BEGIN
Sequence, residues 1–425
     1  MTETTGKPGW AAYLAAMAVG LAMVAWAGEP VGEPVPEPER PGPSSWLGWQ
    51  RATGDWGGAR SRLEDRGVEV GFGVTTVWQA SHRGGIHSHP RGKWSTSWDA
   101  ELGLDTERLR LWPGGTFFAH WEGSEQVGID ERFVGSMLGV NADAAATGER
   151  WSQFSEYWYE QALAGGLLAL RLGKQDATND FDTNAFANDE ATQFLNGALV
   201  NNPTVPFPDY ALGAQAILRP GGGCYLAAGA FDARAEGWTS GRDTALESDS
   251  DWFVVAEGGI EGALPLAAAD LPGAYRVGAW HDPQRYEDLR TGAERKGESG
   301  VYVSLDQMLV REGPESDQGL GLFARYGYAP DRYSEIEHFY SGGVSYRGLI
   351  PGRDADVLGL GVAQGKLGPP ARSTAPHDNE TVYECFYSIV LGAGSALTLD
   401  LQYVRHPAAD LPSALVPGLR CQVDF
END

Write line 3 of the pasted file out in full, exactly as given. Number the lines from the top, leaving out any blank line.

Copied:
    51  RATGDWGGAR SRLEDRGVEV GFGVTTVWQA SHRGGIHSHP RGKWSTSWDA